Sing To It: New Stories, Amy Hempel 2019

In this, her fifth collection of short stories, the Pen/Malamud Award winning author Amy Hempel has established herself as one of the best short fiction writers of today.  The fifteen stories in this volume range from half a page to novella length and from fine, detailed description of an individual’s life to a telegraphic metaphor of loss. The title is based on an Arab proverb:  When danger approaches, sing to it, and Hempel’s characters seem to be in continuous danger, though the settings and the backgrounds differ.  Women are seduced, raped, emotionally damaged, fired from their jobs, have abortions, commit suicide, give up a baby for adoption, and on and on, but the reader doesn’t experience these traumatic events in real time in these stories.  In fact, not much actually happens in these stories.  They consist primarily of reflection on past events, attempts to wrest understanding and rationality from a brutal and uncaring world.  This book was reviewed in all the major newspapers and magazines and was widely hailed.  My personal favorite critic and Harvard professor, James Wood loved the book and wrote in his New Yorker review:  “Each purified sentence [in Sing to It] is itself a story, a kind of suspended enigma. . . . Hempel, like some practical genius of the forest, can make living structures out of what look like mere bric-a-brac, leavings, residue. It’s astonishing how little she needs to get something up and going on the page. A pun, a malapropism, or a ghost rhyme is spark enough.”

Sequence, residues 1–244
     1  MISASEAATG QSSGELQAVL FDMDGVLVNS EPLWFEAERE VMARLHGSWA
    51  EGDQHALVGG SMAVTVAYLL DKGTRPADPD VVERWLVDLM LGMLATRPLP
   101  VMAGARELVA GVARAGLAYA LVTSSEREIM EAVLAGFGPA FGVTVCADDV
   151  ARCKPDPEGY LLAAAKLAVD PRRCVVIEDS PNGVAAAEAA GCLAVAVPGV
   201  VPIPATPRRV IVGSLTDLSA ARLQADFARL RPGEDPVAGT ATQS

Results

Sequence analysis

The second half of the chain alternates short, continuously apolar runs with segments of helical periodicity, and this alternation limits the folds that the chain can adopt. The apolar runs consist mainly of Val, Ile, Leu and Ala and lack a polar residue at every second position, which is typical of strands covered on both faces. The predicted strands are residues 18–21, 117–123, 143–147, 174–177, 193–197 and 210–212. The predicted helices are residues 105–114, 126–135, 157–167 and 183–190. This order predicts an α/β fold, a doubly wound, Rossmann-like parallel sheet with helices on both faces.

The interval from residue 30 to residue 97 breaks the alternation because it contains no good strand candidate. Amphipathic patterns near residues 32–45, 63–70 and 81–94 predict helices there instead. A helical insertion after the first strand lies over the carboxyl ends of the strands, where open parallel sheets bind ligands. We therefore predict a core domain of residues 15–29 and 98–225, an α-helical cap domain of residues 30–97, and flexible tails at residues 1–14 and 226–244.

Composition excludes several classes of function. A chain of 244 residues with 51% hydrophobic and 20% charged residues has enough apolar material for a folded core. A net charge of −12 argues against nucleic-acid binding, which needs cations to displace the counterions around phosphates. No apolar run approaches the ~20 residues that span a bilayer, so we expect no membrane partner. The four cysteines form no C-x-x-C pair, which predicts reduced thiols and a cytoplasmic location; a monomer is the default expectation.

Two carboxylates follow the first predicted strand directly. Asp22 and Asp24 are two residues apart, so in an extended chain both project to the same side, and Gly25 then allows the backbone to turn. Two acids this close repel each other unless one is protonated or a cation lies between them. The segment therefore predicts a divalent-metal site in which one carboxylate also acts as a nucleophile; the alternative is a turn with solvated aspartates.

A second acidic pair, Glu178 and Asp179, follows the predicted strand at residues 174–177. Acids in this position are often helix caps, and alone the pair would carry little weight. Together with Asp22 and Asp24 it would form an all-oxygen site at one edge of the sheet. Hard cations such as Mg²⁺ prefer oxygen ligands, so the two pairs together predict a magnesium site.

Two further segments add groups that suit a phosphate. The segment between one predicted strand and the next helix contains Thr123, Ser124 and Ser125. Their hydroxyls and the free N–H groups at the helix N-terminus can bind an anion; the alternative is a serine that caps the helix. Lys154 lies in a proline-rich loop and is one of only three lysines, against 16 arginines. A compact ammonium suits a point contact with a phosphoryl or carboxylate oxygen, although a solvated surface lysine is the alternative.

James Wood, The New Yorker
Personally, I found the stories a bit too abstract and vague, though the writing was quite powerful and at times beautiful.  For short stories, I think I’ll stick with Andrea Barrett and Lydia Davis.

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